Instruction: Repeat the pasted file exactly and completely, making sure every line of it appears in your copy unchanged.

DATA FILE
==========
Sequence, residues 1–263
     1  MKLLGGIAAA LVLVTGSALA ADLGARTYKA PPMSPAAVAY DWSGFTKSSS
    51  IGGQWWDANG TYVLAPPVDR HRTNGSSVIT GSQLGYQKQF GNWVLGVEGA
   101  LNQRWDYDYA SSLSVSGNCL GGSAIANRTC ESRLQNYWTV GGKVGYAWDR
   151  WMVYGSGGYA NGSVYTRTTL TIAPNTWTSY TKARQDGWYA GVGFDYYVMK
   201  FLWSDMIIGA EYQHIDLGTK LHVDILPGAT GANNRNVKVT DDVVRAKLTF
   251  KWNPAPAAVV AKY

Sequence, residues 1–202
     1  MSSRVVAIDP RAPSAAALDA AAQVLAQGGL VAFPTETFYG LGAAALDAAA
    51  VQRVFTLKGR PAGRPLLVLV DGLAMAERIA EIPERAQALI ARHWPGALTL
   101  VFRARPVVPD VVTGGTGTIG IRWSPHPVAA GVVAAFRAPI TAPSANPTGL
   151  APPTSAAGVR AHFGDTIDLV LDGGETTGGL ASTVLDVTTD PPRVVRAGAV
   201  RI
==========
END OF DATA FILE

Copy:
Sequence, residues 1–263
     1  MKLLGGIAAA LVLVTGSALA ADLGARTYKA PPMSPAAVAY DWSGFTKSSS
    51  IGGQWWDANG TYVLAPPVDR HRTNGSSVIT GSQLGYQKQF GNWVLGVEGA
   101  LNQRWDYDYA SSLSVSGNCL GGSAIANRTC ESRLQNYWTV GGKVGYAWDR
   151  WMVYGSGGYA NGSVYTRTTL TIAPNTWTSY TKARQDGWYA GVGFDYYVMK
   201  FLWSDMIIGA EYQHIDLGTK LHVDILPGAT GANNRNVKVT DDVVRAKLTF
   251  KWNPAPAAVV AKY

Sequence, residues 1–202
     1  MSSRVVAIDP RAPSAAALDA AAQVLAQGGL VAFPTETFYG LGAAALDAAA
    51  VQRVFTLKGR PAGRPLLVLV DGLAMAERIA EIPERAQALI ARHWPGALTL
   101  VFRARPVVPD VVTGGTGTIG IRWSPHPVAA GVVAAFRAPI TAPSANPTGL
   151  APPTSAAGVR AHFGDTIDLV LDGGETTGGL ASTVLDVTTD PPRVVRAGAV
   201  RI